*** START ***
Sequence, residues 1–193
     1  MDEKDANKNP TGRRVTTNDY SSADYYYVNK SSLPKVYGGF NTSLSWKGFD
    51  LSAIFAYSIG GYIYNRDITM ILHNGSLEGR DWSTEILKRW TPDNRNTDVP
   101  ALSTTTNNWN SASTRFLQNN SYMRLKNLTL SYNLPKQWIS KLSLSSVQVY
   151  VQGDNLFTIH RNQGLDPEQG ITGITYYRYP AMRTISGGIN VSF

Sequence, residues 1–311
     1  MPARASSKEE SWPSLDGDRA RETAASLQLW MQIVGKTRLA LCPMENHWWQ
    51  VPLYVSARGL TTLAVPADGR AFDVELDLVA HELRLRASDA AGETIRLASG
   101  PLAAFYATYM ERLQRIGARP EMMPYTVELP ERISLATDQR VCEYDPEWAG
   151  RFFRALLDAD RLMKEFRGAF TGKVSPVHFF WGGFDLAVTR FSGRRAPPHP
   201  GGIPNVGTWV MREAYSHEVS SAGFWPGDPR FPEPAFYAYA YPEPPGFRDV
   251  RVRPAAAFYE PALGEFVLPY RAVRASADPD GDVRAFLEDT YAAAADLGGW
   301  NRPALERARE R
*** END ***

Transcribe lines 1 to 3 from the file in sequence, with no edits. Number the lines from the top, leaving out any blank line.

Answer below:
Sequence, residues 1–193
     1  MDEKDANKNP TGRRVTTNDY SSADYYYVNK SSLPKVYGGF NTSLSWKGFD
    51  LSAIFAYSIG GYIYNRDITM ILHNGSLEGR DWSTEILKRW TPDNRNTDVP